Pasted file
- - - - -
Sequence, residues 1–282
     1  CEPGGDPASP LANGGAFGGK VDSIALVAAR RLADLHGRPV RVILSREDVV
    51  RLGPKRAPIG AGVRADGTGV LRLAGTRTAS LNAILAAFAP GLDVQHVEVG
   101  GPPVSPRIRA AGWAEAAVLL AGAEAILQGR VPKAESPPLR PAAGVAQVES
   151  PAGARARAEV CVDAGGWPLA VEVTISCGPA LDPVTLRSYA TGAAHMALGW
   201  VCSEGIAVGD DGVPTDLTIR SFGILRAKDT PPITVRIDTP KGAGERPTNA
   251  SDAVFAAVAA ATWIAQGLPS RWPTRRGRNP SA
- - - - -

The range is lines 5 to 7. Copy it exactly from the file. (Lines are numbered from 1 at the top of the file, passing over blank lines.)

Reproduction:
   151  PAGARARAEV CVDAGGWPLA VEVTISCGPA LDPVTLRSYA TGAAHMALGW
   201  VCSEGIAVGD DGVPTDLTIR SFGILRAKDT PPITVRIDTP KGAGERPTNA
   251  SDAVFAAVAA ATWIAQGLPS RWPTRRGRNP SA